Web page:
Learning from those with learning disabilities

I know that Learning Disability Week, a week of national campaigning and awareness raising run by Mencap, isn’t until August, but I was so moved by a case study I have just completed for College Park School, Westminster, that I wanted to flag it up a little early.

The NHS defines Learning Disability as ‘the way a person learns new things in any area of life, not just at school’. It goes on to detail how learning disability affects the way people understand information and how they communicate, so they may have difficulty coping independently or learning new skills. Mencap’s Lesley Campbell says that if a child has a learning disability, in practical terms this means that it is ‘harder for [them] to learn, understand and communicate than it is for other children’.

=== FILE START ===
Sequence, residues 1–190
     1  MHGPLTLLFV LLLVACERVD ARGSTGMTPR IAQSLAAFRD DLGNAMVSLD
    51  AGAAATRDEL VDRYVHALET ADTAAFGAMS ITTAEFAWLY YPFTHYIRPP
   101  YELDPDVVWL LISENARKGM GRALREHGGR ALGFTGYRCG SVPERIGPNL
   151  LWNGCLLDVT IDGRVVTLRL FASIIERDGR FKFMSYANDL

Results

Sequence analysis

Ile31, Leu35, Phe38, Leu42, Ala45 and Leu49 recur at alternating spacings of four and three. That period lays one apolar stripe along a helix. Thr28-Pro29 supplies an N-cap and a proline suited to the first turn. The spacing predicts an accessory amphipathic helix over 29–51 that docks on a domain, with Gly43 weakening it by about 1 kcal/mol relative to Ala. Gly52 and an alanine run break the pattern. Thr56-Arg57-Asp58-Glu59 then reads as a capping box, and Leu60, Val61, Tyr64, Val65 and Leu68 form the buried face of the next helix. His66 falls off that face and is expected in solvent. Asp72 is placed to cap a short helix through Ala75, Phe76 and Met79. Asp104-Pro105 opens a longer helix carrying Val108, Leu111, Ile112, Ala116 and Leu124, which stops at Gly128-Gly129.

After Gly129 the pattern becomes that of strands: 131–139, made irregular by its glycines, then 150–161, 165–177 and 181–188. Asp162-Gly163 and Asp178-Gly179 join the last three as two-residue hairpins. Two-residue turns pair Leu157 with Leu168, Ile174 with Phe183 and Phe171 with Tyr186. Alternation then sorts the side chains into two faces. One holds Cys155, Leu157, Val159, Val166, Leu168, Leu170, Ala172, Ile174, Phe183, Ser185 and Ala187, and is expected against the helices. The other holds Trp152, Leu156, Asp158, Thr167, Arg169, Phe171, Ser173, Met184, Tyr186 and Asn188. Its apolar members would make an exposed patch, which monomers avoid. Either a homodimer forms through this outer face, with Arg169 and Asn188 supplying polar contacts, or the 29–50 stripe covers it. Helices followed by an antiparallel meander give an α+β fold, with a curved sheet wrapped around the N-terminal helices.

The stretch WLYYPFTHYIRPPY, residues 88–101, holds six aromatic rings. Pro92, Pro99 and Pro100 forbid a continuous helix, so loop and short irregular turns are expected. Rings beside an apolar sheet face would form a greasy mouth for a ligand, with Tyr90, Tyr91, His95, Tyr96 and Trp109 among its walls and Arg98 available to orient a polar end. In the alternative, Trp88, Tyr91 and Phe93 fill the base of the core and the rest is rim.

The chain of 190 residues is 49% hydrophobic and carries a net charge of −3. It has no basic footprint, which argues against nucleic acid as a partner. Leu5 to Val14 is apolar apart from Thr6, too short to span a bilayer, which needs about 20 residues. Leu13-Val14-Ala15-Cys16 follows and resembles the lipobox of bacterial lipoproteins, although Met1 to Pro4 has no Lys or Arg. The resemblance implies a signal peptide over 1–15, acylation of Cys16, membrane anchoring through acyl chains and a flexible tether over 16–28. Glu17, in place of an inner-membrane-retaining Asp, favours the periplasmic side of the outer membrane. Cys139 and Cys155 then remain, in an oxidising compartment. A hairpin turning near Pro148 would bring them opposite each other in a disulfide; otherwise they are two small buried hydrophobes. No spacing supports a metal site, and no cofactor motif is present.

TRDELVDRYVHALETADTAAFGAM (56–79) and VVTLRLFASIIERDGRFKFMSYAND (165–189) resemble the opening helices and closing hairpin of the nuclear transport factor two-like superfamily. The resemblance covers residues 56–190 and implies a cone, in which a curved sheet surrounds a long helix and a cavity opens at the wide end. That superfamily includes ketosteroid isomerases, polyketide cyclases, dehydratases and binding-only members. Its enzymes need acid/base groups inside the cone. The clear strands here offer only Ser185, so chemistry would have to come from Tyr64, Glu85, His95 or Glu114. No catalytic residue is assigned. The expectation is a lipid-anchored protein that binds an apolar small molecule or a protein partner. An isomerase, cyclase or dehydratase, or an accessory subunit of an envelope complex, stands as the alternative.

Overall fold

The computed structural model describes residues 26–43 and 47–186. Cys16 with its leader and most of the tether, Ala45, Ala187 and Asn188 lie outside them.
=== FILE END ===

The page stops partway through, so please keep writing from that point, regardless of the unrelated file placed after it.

Understanding that its pupils are not the same as their mainstream peers, College Park School does not aim for the same outcomes; the school’s philosophy is “Preparation for Life”. It prepares pupils for life beyond school, providing them with opportunities for learning skills and knowledge; ultimately preparing them for their place in the adult world. I found this hugely inspiring as I believe that all schools, SEN and mainstream alike, should prepare students for the big, bad world… for life!

Ricardo Clarke, a teacher at the school, explained how important it is for his students to be able to identify when someone is happy, sad or angry, or to learn how to cross the road safely, travel on a bus or train, use the shops and find local facilities, as these skills often don’t come naturally to children with learning disabilities. However, I think that all schools should stress the importance of these skills to their students. I know that as a young child without a learning disability, I would have still benefitted hugely from such life lessons.


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